“On the third day my senses recalibrate—I smell things and hear things I didn’t before,” Strayer says. The early evening sun has saturated the red canyon walls; the group is mellow and hungry in that satisfying, campout way. Strayer, in a rumpled T-shirt and with a slight sunburn, is definitely looking relaxed. “I’m more in tune with nature,” he goes on. “If you can have the experience of being in the moment for two or three days, it seems to produce a difference in qualitative thinking.”

There’s been some scientific examination of this theory suggesting that this is true. Anecdotally, I know it to be true. For me, anyway.

This weekend, we got away to Alder Lake Park, not far from Mount Rainier National Park. A few tents, grilling, cooking over the campfire, eating and drinking too much, walking and hiking for hours, taking a dip in the lake, jumping over garter snakes…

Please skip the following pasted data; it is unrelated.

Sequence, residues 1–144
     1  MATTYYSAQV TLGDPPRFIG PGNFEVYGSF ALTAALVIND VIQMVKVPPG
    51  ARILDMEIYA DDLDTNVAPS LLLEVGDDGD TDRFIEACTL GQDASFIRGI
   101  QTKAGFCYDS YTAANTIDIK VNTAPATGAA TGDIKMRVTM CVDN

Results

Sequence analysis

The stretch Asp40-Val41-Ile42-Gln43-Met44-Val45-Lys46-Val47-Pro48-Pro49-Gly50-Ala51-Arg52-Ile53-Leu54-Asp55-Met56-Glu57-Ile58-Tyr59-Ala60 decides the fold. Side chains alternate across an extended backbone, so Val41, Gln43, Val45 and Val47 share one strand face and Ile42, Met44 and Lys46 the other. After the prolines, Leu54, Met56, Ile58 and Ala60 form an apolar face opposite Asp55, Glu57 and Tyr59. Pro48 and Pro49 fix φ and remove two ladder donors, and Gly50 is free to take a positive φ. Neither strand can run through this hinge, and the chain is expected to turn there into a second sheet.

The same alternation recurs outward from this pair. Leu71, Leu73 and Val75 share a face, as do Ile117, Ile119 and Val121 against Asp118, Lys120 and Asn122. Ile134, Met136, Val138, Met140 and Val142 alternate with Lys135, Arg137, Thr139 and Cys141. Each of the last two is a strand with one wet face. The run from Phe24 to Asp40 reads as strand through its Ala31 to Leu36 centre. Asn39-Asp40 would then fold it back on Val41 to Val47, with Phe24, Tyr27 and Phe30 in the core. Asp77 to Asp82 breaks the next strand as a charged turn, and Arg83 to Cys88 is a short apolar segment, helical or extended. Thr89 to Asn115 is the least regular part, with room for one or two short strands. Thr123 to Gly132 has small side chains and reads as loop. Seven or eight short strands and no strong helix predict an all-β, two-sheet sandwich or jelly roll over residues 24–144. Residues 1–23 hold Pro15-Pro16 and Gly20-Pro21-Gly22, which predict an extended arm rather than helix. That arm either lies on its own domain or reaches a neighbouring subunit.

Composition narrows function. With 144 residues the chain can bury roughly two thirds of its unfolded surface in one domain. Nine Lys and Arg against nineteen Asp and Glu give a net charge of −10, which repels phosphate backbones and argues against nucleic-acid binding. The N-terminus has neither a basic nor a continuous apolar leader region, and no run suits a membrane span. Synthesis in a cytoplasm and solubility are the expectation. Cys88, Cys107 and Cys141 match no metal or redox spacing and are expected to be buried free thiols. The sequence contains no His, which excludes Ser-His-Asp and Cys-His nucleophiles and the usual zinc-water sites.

It was all very much needed, and it couldn’t have come at a better time.

My wife loves her birthday, and I love to celebrate my wife. Two years ago, she marked the day with a pub crawl in Seattle’s Capitol Hill neighborhood. Last year, we escaped to the Olympic National Forest and Victoria, BC. This year, we used her birthday as a reason to take our new camp gear out for a spin.

(Editor’s Note: Hannah’s actual birthday is today. Happy birthday to her!)